The eclecticism of the 38th annual edition of Montreal’s Jazz Festival is evidence of the evolution of this cultural institution that provides a smorgasbord of shows under the rubric of jazz.
However, the variety of music available at 150 concerts in a dozen or so venues underscores the idea that “Jazz” is a pretty useless word to describe it. “Don’t call it jazz — call it social music,” Miles reportedly said. Okay. But let’s add a proviso that improvisation and the blues are necessary elements of the art form and let’s see what’s in store during the festival that runs from June 28–July 8.
There are lots of Canadian and local artists on the program, like trumpeters Ingrid Jensen (June 30), Hichem Khalfa (July 3) and Rachel Therrien (July 7), all at l’Astral in the Jazz d’Ici series. The powerful Montreal Jubilation Gospel Choir will play the palatial Maison Symphonique (July 2) and Quebec’s own l’ Orchestre national de jazz the more intimate Gesù (July 8). Then there’s the reunion of the fabled Quebec progressive jazz trio Uzeb at Salle Wilfrid Pelletier (June 29), to name a few.
Keeping the local focus, two nightclubs that nurture local talent year-round have interesting festival series in store: Dièse Onze will feature guitarist Carlos Jimenez (June 30), the Yannick Rieu Nonette (July 1) and the Joe Sullivan Quintet (July 8), among others, while Upstairs will bring in some jazz luminaries from south of the border, namely pianists Vijay Iyer (July 2) and George Cables (July 5) and trumpeter Wallace Roney (July 7), as well as locals like trumpeterbandleader Jacques Kuba Séguin (July 1) and vocalist Ranee Lee (July 8).
In some of the bigger venues, the festival has booked master improviser Charles Lloyd (June 30), fusion bassist Stanley Clarke (July 3), the Robert Glasper Experiment (June 29), bassist Christian McBride (July 1), guitar wizard Kurt Where the jazz is at Rosenwinkel (July 1 and 2), saxophonists Donny McCaslin (June 30) and Colin Stetson (July 1). The splashier concerts also feature the likes of Cuban ex-pat and Dizzy Gillespie protégé Arturo Sandoval (July 5), the Harlem Gospel Choir (June 30) and the Cab Calloway/Xavier Cugat big band battle (July 7).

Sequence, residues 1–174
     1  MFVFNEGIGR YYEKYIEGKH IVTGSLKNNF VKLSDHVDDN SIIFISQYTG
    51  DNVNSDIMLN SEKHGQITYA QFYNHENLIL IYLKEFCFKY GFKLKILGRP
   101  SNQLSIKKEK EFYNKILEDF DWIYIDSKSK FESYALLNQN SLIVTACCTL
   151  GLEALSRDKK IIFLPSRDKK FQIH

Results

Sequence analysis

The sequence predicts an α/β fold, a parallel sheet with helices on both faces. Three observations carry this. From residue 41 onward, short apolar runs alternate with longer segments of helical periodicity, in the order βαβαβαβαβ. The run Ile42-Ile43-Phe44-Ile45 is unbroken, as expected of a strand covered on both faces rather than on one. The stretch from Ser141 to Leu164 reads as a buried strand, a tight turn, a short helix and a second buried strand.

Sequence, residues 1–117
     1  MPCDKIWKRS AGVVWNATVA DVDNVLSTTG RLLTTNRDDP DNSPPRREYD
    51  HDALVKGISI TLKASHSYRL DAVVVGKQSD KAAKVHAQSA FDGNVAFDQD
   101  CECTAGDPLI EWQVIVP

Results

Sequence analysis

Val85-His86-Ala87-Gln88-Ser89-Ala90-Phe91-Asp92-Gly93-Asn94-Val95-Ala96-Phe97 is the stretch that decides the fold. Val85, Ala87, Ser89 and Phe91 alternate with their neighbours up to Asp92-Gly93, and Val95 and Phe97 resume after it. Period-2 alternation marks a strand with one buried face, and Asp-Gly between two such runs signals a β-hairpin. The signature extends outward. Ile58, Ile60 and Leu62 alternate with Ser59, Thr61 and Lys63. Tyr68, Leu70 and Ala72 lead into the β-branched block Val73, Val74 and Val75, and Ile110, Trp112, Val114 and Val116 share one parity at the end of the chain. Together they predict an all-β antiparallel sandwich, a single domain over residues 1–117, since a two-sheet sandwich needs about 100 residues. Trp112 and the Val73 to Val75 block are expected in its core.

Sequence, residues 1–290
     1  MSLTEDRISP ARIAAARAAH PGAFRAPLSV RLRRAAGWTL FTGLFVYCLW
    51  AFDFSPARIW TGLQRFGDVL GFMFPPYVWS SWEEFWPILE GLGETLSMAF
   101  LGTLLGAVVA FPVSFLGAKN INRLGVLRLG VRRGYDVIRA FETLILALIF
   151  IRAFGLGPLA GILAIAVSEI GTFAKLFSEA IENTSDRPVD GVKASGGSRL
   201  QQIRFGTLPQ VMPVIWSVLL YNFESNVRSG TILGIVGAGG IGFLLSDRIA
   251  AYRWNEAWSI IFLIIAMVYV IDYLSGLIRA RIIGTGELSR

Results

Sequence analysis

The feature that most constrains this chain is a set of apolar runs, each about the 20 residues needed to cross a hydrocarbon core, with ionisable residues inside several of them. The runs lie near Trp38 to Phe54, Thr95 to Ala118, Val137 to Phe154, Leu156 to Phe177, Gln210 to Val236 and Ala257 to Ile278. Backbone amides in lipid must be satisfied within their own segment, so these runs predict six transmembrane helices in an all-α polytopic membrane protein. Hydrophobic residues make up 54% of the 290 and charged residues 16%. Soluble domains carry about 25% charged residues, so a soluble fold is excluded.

The festival programming menu is also sprinkled with new talent like the free-jazz-leaning Shabaka and the Ancestors (June 29), rising mainstream trumpeter-singer-composer Bria Skonberg (July 3) and soulful vocalist Lizz White (July 5). Along with the novelty, there will be lots of proven jazz talent like adventurous trumpeter Ambrose Akinmusire (June 29), guitar stylist Bill Frisell’s duo with bassist Thomas Morgan (July 2), trumpeter Nicholas Payton with his Afro-Caribbean Mixtape (July 4) and Dave Douglas’s band with local tenor saxophonist Chet Doxas (July 6). The Invitation series this year features residencies by three artists: the Bad Plus, John Pizzarelli and Ravi Coltrane.
As usual, lots of music is woven into the programming, including several shows peripheral to the art of improvisation, but still cool-sounding. These include soul artist Charles Bradley (July 4), Afrobeat drummer Tony Allen paying tribute to Art Blakey (July 8), Inuk vocal artist Tanya Tagaq, who will do her amazing thing at Club Soda (July 7), and the Barr Brothers, who are billed with some musicians from Mali (July 7).
Fans of the blues will be well-served on June 20 with a night that includes Buddy Guy, Charlie Musselwhite and the duo of Steve Hill and Matt Anderson at Wilfrid Pelletier. At the Cinquième Salle, a couple of homage projects look promising: “Jesse Mac Cormack is Muddy Waters” (July 3) and Blick Bassy’s tribute to Skip James (July 8). These last two shows are part of the Re: creation series featuring tributes to past masters, and includes Montreal pianist John Roney’s attempt to recreate Keith Jarrett’s legendary Koln Concert (July 2). ■
See the complete Jazz Fest program, including the free outdoor shows, here.
See our recommendations for hip hop and pop shows here.